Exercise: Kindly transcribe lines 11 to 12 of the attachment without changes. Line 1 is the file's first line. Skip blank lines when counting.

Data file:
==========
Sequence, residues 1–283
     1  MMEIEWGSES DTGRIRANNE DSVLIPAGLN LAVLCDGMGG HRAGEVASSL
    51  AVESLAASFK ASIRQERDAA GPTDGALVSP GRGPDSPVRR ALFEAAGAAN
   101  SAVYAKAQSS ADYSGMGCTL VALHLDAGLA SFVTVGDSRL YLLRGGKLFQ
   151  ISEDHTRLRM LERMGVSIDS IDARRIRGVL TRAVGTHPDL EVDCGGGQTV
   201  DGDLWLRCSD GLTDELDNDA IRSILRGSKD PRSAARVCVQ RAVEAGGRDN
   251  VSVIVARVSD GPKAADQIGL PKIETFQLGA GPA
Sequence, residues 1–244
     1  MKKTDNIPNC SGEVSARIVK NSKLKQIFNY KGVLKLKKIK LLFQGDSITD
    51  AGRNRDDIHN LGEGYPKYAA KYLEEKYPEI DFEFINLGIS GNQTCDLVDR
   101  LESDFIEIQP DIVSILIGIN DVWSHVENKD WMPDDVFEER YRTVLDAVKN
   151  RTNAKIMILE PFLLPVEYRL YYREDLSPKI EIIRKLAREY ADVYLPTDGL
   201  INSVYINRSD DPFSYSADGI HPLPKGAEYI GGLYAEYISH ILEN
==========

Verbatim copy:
   101  LESDFIEIQP DIVSILIGIN DVWSHVENKD WMPDDVFEER YRTVLDAVKN
   151  RTNAKIMILE PFLLPVEYRL YYREDLSPKI EIIRKLAREY ADVYLPTDGL